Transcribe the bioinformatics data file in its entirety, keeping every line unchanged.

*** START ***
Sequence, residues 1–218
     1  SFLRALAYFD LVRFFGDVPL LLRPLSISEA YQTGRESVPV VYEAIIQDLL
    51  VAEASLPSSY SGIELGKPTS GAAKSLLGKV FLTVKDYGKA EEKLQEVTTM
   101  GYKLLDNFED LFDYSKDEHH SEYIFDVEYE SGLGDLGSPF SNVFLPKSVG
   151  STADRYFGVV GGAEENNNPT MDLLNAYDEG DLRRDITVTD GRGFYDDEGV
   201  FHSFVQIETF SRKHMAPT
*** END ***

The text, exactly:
Sequence, residues 1–218
     1  SFLRALAYFD LVRFFGDVPL LLRPLSISEA YQTGRESVPV VYEAIIQDLL
    51  VAEASLPSSY SGIELGKPTS GAAKSLLGKV FLTVKDYGKA EEKLQEVTTM
   101  GYKLLDNFED LFDYSKDEHH SEYIFDVEYE SGLGDLGSPF SNVFLPKSVG
   151  STADRYFGVV GGAEENNNPT MDLLNAYDEG DLRRDITVTD GRGFYDDEGV
   201  FHSFVQIETF SRKHMAPT